I’ve never seen someone so thirsty to get on a podcast. And I have several friends whose spouses went missing after joining a cult.
The incidental B-plot where Neil and Olivia play pretend couple to get Remecca’s attention is given shamefully short shrift.
Admittedly, this is classic network sitcom format, and twenty-two minutes rarely allows two narratives to play out properly.
But I quite enjoy the meek clerk and the egocentric prosecutor falling into the stereotypical bickering lover roles.
There’s some fun traditional gender-role swapping when Olivia’s commitment issues rear their hissing heads in the presence of Neil’s search for depth and meaning in their faux affair.
It also highlights the fact that — aside from Abby’s yet-to-appear fiancé, Rand — all of the core characters are living lives of singletons, whether by choice or circumstance.
Olivia references previous relationships when she and Neil are debriefing their charade, but we haven’t seen her try to date.
Neil’s been lonesome on multiple episodes, including Night Court Season 1 Episode 8, where he admits to having a crush on Abby.
We saw what Gurgs looks like when she’s enamored of someone on Night Court Season 1 Episode 3, but we haven’t seen her reconnect with that police officer since.
And Dan, of course, lives in the memory of his late wife, Sarah, and his only venture into dating on Night Court Season 1 Episode 4 landed him with a psychopathic pyro with a grudge list.
What does this say about the emotional healthiness of these purveyors of justice?
Oh, there is it. Your sarcasm. The third wheel in this relationship.
Even in the original series, only Mac ever successfully partnered up and had children while working in the courthouse.
It’s an interesting consideration. Honestly, it would take very little — lighting and soundtrack change and dropping the laugh track — to turn Night Court into a sobering look at the cost of the publically-funded legal system.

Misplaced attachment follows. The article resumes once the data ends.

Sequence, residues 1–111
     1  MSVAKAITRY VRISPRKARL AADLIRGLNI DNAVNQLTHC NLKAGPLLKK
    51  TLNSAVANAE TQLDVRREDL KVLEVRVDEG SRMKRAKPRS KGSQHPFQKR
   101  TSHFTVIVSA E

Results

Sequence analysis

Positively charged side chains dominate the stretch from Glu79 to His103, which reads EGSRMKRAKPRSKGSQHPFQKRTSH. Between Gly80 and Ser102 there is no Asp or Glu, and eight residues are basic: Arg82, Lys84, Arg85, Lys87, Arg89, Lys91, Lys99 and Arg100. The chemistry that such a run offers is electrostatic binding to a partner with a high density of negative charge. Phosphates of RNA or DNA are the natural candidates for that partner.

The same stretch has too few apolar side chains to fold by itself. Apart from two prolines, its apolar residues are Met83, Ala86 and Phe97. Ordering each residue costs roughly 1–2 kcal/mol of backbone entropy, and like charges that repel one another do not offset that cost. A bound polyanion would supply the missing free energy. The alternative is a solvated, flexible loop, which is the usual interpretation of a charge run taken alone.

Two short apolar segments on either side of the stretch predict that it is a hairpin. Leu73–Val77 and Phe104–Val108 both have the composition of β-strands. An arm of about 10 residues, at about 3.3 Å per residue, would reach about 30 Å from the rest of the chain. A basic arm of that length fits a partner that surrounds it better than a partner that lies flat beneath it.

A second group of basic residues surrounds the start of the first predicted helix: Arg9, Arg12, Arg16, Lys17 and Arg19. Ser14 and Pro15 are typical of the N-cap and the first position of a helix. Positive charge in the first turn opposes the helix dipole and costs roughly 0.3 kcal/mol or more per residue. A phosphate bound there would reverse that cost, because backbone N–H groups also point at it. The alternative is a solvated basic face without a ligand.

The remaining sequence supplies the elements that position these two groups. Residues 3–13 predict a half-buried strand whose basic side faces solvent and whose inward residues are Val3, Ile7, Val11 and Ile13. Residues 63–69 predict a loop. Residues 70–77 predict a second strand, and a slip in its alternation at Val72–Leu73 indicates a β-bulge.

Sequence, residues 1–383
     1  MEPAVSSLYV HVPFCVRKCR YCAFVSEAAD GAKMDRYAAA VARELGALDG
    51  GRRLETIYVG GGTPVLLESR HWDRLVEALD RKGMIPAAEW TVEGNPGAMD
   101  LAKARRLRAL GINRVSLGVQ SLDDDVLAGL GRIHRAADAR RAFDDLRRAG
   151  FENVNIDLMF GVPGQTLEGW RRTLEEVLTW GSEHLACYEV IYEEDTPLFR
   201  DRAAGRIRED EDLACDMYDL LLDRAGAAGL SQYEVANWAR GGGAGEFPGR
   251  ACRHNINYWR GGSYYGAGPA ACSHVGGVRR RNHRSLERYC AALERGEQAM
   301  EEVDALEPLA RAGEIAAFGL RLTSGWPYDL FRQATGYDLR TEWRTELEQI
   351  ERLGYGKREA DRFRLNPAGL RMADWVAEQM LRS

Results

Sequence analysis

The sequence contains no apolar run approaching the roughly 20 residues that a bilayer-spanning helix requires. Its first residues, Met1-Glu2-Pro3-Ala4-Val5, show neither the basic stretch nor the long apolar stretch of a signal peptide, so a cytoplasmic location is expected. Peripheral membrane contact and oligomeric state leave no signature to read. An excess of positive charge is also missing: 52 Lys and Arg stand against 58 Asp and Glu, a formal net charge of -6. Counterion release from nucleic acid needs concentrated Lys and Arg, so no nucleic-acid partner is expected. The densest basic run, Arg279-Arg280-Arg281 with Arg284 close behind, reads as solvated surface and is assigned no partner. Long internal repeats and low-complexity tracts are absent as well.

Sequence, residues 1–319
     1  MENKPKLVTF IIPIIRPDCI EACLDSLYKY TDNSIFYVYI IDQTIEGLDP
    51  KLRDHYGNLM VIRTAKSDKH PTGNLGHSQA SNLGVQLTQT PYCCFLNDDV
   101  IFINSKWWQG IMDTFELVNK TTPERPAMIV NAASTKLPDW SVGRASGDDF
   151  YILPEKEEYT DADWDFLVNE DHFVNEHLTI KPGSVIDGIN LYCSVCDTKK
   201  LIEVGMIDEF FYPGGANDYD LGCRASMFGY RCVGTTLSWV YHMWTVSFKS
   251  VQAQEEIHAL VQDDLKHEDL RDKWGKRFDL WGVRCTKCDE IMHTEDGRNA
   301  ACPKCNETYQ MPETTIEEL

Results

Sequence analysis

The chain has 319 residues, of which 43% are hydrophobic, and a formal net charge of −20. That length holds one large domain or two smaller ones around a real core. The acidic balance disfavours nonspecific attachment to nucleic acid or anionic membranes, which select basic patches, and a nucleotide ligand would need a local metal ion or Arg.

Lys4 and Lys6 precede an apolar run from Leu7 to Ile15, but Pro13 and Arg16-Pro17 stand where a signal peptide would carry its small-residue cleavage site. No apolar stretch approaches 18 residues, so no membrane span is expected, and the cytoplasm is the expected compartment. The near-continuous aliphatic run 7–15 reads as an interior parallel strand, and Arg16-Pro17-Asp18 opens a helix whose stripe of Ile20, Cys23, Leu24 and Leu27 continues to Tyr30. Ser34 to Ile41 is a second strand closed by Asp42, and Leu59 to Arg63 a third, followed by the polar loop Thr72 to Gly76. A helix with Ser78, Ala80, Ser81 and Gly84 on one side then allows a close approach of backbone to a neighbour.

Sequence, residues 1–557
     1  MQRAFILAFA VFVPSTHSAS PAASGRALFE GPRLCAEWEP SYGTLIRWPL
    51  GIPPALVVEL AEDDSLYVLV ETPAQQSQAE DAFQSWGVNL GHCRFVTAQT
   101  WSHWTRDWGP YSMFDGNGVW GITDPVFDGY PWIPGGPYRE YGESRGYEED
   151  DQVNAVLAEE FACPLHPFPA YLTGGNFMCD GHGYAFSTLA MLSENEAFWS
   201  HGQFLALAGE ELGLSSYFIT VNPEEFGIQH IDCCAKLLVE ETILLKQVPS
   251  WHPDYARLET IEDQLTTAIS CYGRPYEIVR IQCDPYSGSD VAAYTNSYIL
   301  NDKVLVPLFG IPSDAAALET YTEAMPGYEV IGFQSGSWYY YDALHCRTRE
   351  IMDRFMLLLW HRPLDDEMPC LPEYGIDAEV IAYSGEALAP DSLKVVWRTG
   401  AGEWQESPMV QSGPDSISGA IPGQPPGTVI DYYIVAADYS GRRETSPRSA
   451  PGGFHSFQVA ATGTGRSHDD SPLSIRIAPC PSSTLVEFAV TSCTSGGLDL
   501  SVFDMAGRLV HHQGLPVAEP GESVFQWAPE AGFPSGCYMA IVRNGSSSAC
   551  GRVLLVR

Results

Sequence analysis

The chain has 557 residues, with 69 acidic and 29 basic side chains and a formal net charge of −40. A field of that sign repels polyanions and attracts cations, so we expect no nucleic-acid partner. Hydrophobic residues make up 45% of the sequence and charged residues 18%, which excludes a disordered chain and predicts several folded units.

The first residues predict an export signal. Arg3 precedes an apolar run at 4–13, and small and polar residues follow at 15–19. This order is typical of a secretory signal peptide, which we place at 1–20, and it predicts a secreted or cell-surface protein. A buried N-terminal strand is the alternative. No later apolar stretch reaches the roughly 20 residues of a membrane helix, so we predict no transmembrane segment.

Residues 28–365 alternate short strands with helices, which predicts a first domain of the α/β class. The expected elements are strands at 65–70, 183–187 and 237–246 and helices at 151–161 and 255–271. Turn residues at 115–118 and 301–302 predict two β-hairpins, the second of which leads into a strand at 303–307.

Oh, and you’d need to turn Abby into her Mirror Universe hard-nosed, by-the-book alt self. Possibly having fallen off the wagon.
Huh. I think I just pitched a through-the-looking-glass episode. Like the St. Elsewhere episode where they visited Cheers. I’d watch that. Would you?
Now that we’ve achieved all our dreams, only Death awaits.
As you watch Night Court online, ruminate on some of the loose ends we’re left with.
Did Olivia ever get her purse back? How did they explain how that defendant just left the courtroom, and no one noticed?
Was Remecca’s relationship podcast also canceled? How long did Olivia and Neil have to keep up the act?
Will Abby’s unorthodox methods continue to be scrutinized? Is this a Skaneateles thing? Or a daughter of Harry Stone thing?
Why name her hometown now? Is this a clue? For what?
What are you eager to learn next about our Nighthawks?
Drop your docket into the comments below and call the court to order!
Diana Keng is a staff writer for TV Fanatic. She is a lifelong fan of smart sci-fi and fantasy media, an upstanding citizen of the United Federation of Planets, and a supporter of AFC Richmond ’til she dies. Her guilty pleasures include female-led procedurals, old-school sitcoms, and Bluey. She teaches, knits, and dreams big. Follow her on Twitter.